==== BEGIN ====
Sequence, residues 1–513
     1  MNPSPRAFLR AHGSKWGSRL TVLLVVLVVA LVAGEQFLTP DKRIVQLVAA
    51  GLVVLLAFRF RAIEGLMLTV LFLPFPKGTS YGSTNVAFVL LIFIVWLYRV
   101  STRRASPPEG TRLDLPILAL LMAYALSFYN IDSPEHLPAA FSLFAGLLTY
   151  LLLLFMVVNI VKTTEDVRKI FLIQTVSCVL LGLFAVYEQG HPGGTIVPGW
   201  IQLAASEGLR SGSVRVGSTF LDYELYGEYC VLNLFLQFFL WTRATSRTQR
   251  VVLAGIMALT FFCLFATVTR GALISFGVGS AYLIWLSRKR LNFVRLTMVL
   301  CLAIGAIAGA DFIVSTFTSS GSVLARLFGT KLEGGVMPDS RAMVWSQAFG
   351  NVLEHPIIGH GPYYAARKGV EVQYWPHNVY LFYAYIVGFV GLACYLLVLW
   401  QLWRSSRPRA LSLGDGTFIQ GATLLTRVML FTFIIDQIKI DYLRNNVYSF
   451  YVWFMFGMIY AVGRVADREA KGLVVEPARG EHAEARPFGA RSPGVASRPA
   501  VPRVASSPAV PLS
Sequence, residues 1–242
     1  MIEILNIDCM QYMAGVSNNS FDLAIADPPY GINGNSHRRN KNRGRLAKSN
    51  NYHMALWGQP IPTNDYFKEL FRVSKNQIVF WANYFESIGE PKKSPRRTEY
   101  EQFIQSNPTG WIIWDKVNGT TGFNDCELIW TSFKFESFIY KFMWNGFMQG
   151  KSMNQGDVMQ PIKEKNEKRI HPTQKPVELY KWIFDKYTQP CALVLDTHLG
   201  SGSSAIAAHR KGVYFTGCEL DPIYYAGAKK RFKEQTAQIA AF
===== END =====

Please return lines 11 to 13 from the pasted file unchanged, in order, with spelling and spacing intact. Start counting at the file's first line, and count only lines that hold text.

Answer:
   451  YVWFMFGMIY AVGRVADREA KGLVVEPARG EHAEARPFGA RSPGVASRPA
   501  VPRVASSPAV PLS
Sequence, residues 1–242